Antiplatelet and anticoagulant drugs do not affect visual outcome in neovascular age-related macular degeneration in the BRAMD trial.

To determine if use of antiplatelet or anticoagulant (AP/AC) medication influences visual acuity in patients with active neovascular age-related macular degeneration (N-AMD).

Treatment outcome of anti-angiogenesis through VEGF-pathway in the management of gastric cancer: a systematic review of phase II and III clinical trials.

Advanced gastric cancer poses a therapeutic challenge worldwide. In randomised clinical trials, anti-VEGF has been reported as an essential agent for the treatment of advanced gastric cancer. This review aims at assessing the treatment outcome of anti-angiogenesis therapy through the VEGF pathway in the management of patients with advanced gastric cancer.

Positive-feedback regulation of subchondral H-type vessel formation by chondrocyte promotes osteoarthritis development in mice.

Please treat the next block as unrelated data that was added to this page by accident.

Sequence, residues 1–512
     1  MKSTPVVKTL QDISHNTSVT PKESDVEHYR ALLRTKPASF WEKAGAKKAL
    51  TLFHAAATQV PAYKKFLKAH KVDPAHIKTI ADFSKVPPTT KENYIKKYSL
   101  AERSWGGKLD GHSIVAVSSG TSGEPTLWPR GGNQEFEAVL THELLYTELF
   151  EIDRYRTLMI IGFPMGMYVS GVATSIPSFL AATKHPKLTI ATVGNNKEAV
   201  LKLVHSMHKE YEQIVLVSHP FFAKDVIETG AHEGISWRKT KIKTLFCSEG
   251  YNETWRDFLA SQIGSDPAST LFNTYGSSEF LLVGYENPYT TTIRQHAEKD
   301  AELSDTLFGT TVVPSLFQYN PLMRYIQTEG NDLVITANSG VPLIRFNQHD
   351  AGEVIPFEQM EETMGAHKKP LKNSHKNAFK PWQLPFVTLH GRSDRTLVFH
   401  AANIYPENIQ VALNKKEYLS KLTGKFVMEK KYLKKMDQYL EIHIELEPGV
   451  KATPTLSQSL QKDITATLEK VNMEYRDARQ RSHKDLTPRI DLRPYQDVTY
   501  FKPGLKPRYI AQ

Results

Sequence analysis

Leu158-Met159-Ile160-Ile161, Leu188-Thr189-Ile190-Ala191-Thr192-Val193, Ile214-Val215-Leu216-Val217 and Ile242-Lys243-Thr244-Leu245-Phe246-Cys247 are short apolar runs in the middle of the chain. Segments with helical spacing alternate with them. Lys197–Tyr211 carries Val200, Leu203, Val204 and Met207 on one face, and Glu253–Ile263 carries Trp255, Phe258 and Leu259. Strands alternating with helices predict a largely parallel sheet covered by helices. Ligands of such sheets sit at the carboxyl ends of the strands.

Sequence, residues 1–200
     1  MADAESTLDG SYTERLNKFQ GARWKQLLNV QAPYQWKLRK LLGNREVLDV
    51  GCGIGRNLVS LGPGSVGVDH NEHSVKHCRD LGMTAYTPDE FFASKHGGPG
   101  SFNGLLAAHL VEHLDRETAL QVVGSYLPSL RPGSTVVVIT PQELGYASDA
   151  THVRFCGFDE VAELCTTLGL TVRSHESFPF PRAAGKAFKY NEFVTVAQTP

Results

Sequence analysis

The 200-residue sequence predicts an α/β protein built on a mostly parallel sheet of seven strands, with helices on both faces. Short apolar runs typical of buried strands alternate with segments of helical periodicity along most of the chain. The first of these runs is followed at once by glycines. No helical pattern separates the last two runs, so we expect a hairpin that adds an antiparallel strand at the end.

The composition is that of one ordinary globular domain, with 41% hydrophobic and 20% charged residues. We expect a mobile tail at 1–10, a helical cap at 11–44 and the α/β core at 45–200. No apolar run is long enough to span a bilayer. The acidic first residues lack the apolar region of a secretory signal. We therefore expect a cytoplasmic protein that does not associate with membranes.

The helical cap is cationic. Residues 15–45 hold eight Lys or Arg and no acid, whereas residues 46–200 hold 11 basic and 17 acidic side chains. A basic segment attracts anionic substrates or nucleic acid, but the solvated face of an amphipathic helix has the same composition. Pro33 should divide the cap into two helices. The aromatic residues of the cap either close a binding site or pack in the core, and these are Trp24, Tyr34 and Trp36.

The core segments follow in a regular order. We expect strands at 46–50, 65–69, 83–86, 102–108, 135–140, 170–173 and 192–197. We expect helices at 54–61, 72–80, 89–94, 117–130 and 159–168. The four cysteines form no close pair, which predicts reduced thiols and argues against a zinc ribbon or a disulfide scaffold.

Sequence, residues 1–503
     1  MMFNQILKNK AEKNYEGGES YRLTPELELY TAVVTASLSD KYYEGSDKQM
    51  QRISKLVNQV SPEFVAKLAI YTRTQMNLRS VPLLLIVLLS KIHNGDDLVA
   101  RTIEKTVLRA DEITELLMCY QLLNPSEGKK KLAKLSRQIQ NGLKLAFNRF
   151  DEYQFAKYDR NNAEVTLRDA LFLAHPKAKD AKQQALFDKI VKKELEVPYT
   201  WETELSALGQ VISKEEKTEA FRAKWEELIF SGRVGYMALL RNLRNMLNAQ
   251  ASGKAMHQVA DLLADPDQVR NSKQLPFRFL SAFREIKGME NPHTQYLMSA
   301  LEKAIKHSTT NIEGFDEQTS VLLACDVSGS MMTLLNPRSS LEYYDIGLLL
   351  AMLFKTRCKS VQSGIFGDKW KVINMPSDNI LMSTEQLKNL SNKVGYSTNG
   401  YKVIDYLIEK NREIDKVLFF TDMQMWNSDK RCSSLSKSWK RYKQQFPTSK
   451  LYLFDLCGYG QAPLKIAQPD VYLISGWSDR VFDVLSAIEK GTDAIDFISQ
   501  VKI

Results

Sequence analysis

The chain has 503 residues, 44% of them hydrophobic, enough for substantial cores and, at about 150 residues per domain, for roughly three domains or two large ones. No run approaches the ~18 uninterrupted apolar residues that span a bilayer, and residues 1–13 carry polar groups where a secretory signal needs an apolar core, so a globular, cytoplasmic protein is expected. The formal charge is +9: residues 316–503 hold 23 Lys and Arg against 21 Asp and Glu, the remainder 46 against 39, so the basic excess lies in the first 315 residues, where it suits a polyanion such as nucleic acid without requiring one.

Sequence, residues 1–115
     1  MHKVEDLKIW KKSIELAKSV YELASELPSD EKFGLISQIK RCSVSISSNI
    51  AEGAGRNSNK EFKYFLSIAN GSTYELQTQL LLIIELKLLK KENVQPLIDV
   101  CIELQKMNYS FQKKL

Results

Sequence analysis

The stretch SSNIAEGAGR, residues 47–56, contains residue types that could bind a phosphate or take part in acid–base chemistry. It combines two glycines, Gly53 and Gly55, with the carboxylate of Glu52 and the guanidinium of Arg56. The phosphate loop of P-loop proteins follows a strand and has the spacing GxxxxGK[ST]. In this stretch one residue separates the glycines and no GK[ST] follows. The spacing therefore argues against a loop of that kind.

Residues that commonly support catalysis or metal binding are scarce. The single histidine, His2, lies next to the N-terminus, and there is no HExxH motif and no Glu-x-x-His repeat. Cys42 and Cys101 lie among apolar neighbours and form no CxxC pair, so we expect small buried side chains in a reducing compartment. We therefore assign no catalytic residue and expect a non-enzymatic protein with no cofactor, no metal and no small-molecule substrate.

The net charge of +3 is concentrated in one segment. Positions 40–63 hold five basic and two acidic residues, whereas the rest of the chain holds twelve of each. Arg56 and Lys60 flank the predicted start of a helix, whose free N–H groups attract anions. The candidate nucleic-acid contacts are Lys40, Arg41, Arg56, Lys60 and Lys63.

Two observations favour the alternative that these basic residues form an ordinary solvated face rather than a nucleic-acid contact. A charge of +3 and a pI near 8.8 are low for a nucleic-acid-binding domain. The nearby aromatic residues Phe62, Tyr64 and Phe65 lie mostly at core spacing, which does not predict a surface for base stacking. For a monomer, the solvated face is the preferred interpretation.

Vascular-invasion-mediated interactions between activated articular chondrocytes and subchondral bone are essential for osteoarthritis (OA) development. Here, we determined the role of nutrient sensing mechanistic target of rapamycin complex 1 (mTORC1) signaling in the crosstalk across the bone cartilage interface and its regulatory mechanisms. Then mice with chondrocyte-specific mTORC1 activation (Tsc1 CKO and Tsc1 CKOER ) or inhibition (Raptor CKOER ) and their littermate controls were subjected to OA induced by destabilization of the medial meniscus (DMM) or not. DMM or Tsc1 CKO mice were treated with bevacizumab, a vascular endothelial growth factor (VEGF)-A antibody that blocks angiogenesis. Articular cartilage degeneration was evaluated using the Osteoarthritis Research Society International score. Immunostaining and western blotting were conducted to detect H-type vessels and protein levels in mice. Primary chondrocytes from mutant mice and ADTC5 cells were treated with interleukin-1β to investigate the role of chondrocyte mTORC1 in VEGF-A secretion and in vitro vascular formation. Clearly, H-type vessels were increased in subchondral bone in DMM-induced OA and aged mice. Cartilage mTORC1 activation stimulated VEGF-A production in articular chondrocyte and H-type vessel formation in subchondral bone. Chondrocyte mTORC1 promoted OA partially through formation of VEGF-A-stimulated subchondral H-type vessels. In particular, vascular-derived nutrients activated chondrocyte mTORC1, and stimulated chondrocyte activation and production of VEGF, resulting in further angiogenesis in subchondral bone. Thus a positive-feedback regulation of H-type vessel formation in subchondral bone by articular chondrocyte nutrient-sensing mTORC1 signaling is essential for the pathogenesis and progression of OA. This article is protected by copyright. All rights reserved.